Volume 635, March 2020
|Number of page(s)||7|
|Section||Galactic structure, stellar clusters and populations|
|Published online||03 March 2020|
Observational constraints on the origin of the elements
III. Evidence for the dominant role of sub-Chandrasekhar SN Ia in the chemical evolution of Mn and Fe in the Galaxy
Max-Planck Institute for Astronomy, 69117 Heidelberg, Germany
2 Ruprecht-Karls-Universität, Grabengasse 1, 69117 Heidelberg, Germany
3 INAF, Osservatorio Astronomico di Trieste, Via G.B. Tiepolo 11, 34143 Trieste, Italy
4 IFPU-Institute for Fundamental Physics of the Universe, Via Beirut 2, 34014 Trieste, Italy
5 The University of New South Wales, School of Science, Australian Defence Force Academy, Northcott Drive, Canberra 2600, Australia
6 Department of Astrophysics/IMAPP, Radboud University, Heyendaalseweg 135, 6525 AJ Nijmegen, The Netherlands
7 LUPM, UMR 5299, Université de Montpellier, CNRS, 34095 Montpellier, France
Accepted: 10 January 2020
The abundance ratios of manganese to iron in late-type stars across a wide metallicity range place tight constraints on the astrophysical production sites of Fe-group elements. In this work, we investigate the chemical evolution of Mn in the Milky Way galaxy using high-resolution spectroscopic observations of stars in the Galactic disc and halo stars, as well as a sample of globular clusters. Our analysis shows that local thermodynamic equilibrium (LTE) leads to a strong imbalance in the ionisation equilibrium of Mn I and Mn II lines. Mn I produces systematically (up to 0.6 dex) lower abundances compared to the Mn II lines. Non-LTE (NLTE) radiative transfer satisfies the ionisation equilibrium across the entire metallicity range, of −3 ≲ [Fe/H] ≲ −1, leading to consistent abundances from both ionisation stages of the element. We compare the NLTE abundances with Galactic Chemical Evolution models computed using different sources of type Ia and type II supernova (SN Ia and SN II) yields. We find that a good fit to our observations can be obtained by assuming that a significant (∼75%) fraction of SNe Ia stem from a sub-Chandrasekhar (sub-Mch) channel. While this fraction is larger than that found in earlier studies (∼50%), we note that we still require ∼25% near-Mch SNe Ia to obtain solar [Mn/Fe] at [Fe/H] = 0. Our new data also suggest higher SN II Mn yields at low metallicity than typically assumed in the literature.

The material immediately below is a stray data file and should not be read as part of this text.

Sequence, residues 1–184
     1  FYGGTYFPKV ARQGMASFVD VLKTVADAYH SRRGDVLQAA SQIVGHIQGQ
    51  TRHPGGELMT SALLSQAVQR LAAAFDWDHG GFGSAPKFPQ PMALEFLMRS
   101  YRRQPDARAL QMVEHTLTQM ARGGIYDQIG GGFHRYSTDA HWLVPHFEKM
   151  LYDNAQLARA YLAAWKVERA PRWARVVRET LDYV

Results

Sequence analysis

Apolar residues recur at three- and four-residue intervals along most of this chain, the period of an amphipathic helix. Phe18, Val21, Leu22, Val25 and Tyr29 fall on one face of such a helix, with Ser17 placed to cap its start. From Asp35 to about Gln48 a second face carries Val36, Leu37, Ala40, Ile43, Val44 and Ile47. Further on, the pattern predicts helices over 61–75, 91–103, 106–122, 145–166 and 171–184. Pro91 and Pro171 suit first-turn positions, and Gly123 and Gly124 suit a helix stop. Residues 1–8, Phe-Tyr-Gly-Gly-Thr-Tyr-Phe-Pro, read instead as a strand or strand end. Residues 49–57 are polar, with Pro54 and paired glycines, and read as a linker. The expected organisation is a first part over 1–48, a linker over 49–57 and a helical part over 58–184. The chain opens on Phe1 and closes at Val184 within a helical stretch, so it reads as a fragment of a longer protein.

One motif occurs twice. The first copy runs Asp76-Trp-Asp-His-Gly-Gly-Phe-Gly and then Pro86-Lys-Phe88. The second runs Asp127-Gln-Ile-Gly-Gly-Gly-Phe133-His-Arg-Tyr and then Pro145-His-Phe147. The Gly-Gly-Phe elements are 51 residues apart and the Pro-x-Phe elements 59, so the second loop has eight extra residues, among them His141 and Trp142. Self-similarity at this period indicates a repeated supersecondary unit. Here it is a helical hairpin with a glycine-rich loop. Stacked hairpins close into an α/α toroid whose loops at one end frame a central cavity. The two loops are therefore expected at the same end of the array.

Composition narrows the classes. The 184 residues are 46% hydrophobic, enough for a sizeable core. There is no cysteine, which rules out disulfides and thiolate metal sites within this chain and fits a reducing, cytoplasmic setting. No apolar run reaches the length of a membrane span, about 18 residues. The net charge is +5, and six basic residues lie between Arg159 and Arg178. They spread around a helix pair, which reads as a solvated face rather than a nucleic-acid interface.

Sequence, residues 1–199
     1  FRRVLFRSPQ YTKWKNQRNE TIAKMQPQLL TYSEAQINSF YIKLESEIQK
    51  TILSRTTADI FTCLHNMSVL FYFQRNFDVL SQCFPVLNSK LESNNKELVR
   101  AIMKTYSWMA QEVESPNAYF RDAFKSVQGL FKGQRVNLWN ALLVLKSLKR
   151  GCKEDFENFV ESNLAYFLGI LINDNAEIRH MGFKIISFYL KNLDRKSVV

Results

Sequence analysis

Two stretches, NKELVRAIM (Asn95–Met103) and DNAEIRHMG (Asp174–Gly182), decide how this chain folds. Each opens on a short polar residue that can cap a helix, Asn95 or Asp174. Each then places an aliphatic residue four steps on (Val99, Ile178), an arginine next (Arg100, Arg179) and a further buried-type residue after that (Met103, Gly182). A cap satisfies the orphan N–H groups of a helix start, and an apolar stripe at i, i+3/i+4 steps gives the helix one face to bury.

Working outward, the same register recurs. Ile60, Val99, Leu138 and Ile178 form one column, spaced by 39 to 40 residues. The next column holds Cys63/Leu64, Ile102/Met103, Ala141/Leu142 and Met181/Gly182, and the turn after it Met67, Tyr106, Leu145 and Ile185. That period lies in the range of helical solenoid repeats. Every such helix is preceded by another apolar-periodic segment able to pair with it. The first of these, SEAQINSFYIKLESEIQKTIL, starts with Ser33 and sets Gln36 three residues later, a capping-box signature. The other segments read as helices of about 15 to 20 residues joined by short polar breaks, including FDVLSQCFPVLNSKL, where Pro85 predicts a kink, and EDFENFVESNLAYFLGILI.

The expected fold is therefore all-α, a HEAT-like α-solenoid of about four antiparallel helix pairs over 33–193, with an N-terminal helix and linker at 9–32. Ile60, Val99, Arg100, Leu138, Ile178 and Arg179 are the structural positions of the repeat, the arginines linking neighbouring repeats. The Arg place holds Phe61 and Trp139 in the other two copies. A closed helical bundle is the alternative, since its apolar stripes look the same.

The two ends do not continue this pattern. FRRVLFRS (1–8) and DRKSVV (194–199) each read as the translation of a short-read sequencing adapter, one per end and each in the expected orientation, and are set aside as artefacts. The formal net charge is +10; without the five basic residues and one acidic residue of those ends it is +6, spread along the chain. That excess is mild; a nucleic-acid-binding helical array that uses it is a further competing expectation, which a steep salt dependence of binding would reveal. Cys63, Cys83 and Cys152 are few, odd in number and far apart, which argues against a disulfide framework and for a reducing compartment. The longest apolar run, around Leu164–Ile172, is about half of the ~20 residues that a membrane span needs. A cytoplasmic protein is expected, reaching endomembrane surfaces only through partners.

Key words: nuclear reactions / nucleosynthesis / abundances / stars: abundances / Galaxy: abundances / supernovae: general
© P. Eitner et al. 2020
Open Access article, published by EDP Sciences, under the terms of the Creative Commons Attribution License (https://creativecommons.org/licenses/by/4.0), which permits unrestricted use, distribution, and reproduction in any medium, provided the original work is properly cited.
Open Access funding provided by Max Planck Society.
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